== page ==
by Terri Furman
This week’s Intentional Living is something that is very personal to me. Hair loss from stress and Covid-19 is very real. But it’s not just me. I spoke with three women who are also dealing with it and a Dermatologist who explains what is happening.
Lorena Valencia, Jessicca Cason, and Pam Crosno tell me that the loss of hair is depressing, makes you self conscious, frustrated, and didn’t make them feel pretty as well as some self esteem.
Lorena said she started noticing about four or five days into the Covid diagnosis. “And I think it went on three to four weeks of just when I”m washing my hair noticing that there was a lot of hair in my hands when I’m brushing through it.”
Jessica said hers was falling out in handfuls, “it freaks me out every time I wash my hair and there’s this giant handful.”
Pam told me she has always had great hair but, “I wash it and it was like, lots of hair, it was really concerning and it’s not recovered.”
Dermatologist Dr. Heather Layher says there are new studies coming out saying hair loss can be a side effect of Covid. And the cause, “Telogen Effluvium is in my mind I like to think of it as the hairs are going into hibernation mode. They’ve been through a lot and they basically just push pause. So the hairs typically are in three phases. There’s a growth phase, a resting phase and a shedding phase.” So what is the answer to all of this? Dr. Layher says the number one thing is time. “It really is about a six to nine month process. Six to nine months after it starts so taking all of that into account that preemptive phase before it starts to shed, so you are really looking a nine months to a year.”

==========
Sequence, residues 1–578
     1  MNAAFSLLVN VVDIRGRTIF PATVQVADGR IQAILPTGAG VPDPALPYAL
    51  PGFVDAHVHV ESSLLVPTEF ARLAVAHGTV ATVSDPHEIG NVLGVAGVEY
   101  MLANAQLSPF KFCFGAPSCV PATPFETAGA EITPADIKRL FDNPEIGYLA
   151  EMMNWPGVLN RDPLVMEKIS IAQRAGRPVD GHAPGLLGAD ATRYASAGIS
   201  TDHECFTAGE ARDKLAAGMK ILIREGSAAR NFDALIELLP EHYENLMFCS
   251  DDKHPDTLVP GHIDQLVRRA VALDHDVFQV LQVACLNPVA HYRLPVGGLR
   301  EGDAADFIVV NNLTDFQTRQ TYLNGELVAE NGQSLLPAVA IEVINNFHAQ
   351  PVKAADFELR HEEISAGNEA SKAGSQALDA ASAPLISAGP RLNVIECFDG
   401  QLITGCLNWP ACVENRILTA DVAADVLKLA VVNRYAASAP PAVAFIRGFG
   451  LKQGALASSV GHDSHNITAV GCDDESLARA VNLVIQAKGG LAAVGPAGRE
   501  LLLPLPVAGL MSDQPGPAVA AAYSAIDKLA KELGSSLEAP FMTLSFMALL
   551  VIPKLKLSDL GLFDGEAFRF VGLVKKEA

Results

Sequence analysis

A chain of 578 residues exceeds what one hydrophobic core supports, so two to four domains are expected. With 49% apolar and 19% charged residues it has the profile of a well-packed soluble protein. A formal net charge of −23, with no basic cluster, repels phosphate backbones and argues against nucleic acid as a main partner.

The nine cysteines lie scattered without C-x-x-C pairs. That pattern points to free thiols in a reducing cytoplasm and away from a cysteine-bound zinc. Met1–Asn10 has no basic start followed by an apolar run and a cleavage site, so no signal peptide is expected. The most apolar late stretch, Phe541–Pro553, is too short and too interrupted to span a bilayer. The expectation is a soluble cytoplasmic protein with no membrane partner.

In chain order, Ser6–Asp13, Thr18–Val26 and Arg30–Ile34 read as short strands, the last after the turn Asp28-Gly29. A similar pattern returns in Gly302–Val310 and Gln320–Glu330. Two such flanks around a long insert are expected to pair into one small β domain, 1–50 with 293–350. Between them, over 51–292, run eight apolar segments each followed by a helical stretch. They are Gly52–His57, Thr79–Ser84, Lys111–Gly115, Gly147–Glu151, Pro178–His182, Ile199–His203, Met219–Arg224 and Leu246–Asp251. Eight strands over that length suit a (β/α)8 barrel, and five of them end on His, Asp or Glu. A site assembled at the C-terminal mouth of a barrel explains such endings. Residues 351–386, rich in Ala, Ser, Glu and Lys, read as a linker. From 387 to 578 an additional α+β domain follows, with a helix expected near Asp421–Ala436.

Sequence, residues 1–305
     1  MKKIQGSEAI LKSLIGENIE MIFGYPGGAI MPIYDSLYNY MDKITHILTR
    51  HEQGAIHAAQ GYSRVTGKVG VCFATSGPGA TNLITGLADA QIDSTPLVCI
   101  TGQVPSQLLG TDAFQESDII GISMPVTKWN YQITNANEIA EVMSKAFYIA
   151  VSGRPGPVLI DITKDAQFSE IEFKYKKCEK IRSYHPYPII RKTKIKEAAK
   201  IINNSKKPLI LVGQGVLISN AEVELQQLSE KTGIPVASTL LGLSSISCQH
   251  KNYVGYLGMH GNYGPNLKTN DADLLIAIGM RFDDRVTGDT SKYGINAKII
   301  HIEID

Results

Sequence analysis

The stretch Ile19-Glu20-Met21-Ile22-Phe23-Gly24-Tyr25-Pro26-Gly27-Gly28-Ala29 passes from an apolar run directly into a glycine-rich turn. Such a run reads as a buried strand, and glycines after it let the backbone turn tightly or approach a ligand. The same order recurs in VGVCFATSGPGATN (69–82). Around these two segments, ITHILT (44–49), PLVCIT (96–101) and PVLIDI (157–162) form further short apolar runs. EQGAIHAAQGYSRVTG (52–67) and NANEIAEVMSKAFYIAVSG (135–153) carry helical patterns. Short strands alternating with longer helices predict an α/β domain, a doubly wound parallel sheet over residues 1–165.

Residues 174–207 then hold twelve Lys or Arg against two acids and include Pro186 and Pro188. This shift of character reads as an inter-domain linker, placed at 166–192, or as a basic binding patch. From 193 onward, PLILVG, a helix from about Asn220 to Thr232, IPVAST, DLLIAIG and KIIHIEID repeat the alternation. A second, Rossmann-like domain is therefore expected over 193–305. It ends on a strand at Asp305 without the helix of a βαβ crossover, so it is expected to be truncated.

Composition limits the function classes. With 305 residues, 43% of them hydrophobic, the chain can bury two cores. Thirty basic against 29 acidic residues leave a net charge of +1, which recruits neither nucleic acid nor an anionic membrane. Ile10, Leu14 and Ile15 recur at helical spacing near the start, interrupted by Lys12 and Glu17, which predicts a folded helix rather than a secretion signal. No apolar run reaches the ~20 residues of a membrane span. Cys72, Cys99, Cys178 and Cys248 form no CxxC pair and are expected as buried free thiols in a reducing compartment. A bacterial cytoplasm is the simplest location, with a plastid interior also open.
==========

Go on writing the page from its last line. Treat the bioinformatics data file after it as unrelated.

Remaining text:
The ladies I spoke with all taking vitamins to help get their hair back healthy and growing again. Dr. Layher says, “there are many things out there than can help like multivitamins. There are specific hair supplements so biotin is absolutely a supplement we recommend to strengthen hair.”
Hair loss due to Covid can make women feel even more stress, but remember you aren’t alone. Jessicca Cason told me. “I think it’s important that we open up and talk about what is happening because if we do that we might help someone else.”